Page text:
DANIEL, William Barker (1754–1833). Rural Sports. London: Longman, Hurst, Rees, & Ome, 1807 - 1813.

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DANIEL, William Barker (1754–1833). Rural Sports. London: Longman, Hurst, Rees, & Ome, 1807 - 1813.

4 volumes. 4to., (11 x 8 4/8 inches). Half-titles, engraved title-pages, engraved portrait, and 70 engraved plates, including one coloured, 2 engraved letterpress tables (some spotting). Contemporary tan calf, gilt and blind (rebacked in brown morocco to style).

Provenance: with the engraved armorial bookplates of Robert Townley Parker dated 1850; Myles C. Radford; and H. Barnard-Hankey on the front paste-down of each volume.

First published in 1801. A manuscript note tipped-in to the front endpapers of volume II states: "The Pointers belong to Sir Larkin, to whom the Compiler is extremely obliged, for the loan of a very excellent Picture, by Sir Chalon, from which the plate was taken". The plate appears opposite page 440 in volume II.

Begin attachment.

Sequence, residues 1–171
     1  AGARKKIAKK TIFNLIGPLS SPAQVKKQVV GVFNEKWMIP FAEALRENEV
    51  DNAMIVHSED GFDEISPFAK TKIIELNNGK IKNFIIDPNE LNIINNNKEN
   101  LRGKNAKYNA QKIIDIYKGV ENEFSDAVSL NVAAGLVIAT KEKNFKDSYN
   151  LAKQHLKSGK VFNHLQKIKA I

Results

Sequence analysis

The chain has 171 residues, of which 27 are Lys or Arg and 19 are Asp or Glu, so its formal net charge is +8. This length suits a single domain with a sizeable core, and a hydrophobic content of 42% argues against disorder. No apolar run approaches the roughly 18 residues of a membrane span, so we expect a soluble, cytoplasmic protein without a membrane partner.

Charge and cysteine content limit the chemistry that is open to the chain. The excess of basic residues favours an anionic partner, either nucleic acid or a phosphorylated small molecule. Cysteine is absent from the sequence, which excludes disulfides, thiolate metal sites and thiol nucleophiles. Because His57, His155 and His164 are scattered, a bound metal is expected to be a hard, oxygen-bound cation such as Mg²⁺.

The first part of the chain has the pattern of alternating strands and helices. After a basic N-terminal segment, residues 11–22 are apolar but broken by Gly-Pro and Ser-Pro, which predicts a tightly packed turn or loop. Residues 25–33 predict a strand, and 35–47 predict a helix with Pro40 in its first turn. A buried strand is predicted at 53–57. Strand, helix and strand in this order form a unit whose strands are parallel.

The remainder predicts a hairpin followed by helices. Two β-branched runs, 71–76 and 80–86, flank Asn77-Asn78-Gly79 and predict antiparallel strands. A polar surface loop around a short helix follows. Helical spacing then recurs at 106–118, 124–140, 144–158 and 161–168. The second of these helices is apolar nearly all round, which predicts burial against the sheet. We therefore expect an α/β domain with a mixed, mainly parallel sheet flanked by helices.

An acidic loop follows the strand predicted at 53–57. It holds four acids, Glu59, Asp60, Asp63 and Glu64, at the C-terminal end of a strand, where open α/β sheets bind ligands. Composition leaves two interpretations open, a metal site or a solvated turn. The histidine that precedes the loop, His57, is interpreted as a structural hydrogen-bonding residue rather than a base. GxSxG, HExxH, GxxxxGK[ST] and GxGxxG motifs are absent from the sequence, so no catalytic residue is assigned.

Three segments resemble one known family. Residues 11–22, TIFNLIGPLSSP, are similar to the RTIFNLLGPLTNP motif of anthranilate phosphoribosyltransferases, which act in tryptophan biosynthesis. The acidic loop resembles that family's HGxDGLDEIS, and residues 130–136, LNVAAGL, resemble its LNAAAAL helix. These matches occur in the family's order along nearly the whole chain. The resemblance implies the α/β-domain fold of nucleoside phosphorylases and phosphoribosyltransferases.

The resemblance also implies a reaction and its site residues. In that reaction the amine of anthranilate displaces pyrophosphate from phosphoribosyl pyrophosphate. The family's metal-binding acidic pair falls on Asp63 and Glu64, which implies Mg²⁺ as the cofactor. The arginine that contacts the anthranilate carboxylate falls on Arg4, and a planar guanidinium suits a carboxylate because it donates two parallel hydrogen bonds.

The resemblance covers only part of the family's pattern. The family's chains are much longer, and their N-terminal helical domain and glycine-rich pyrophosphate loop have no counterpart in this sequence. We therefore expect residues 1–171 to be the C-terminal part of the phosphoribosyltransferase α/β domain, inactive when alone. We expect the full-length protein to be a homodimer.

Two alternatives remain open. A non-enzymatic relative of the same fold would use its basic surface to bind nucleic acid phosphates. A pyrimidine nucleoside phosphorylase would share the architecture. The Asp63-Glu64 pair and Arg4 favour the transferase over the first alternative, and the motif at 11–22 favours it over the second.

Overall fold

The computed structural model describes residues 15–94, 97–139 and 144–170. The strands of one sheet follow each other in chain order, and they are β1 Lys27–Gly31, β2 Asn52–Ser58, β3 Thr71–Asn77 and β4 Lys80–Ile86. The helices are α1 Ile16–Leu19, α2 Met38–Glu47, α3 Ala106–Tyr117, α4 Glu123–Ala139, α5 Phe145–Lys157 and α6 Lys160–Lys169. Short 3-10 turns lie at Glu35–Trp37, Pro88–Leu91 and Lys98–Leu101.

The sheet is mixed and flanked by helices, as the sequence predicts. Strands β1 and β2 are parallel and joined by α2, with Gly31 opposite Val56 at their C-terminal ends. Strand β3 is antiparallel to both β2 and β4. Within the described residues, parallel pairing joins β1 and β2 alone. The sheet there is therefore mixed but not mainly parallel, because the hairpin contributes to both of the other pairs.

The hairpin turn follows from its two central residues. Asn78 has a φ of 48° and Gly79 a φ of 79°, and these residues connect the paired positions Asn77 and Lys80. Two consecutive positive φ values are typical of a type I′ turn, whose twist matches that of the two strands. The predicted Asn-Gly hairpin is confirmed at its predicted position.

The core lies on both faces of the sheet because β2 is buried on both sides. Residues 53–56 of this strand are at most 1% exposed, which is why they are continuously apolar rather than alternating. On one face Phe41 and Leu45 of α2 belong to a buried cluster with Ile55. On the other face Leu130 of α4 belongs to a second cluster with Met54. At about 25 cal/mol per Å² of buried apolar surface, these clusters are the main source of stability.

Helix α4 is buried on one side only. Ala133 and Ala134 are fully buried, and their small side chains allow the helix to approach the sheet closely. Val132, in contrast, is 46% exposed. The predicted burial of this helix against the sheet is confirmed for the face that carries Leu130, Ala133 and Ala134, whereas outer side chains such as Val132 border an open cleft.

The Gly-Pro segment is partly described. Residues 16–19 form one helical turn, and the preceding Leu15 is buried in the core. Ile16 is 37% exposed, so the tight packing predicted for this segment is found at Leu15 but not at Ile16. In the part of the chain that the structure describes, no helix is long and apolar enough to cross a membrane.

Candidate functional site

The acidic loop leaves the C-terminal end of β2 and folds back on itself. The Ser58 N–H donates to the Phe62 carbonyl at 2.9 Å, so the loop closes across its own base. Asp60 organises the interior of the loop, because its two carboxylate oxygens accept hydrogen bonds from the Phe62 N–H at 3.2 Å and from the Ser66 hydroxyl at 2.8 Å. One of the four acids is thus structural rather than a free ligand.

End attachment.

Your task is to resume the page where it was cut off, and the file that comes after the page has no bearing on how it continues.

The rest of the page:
Daniel's "notoriety stemmed principally from his authorship of Rural Sports, published in 1801... Proving very popular among contemporary sportsmen and even naturalists, the volumes describe in detail hunting, coursing, and fishing and contain many impressive plates interspersed with occasional references to Daniel's own exploits. They were reissued as a three-volume set in 1812, with a supplementary fourth volume, dedicated to the marquess of Blandford, published in 1813. The latter, though written in a more careless style, contained a miscellany of anecdotes and receipts. Rural Sports provided the basis of many more modern texts and constitutes an early historical record of shooting before the introduction of the revolutionary breach-loading guns in the mid-nineteenth century. The significance of Daniel's text was still being eulogized as late as 1886 on the grounds that it contained: one of the earliest, if not the earliest authentic accounts of wild-fowl shooting with punt and gun, beside many incidents connected with fowling, that are of great interest as records of the sport of catching and shooting ducks in past days. (Walsingham and Gallway, p. 314)" (John Martin for DNB). Westwood and Satchell, p.76; Schwerdt I, pp.133-34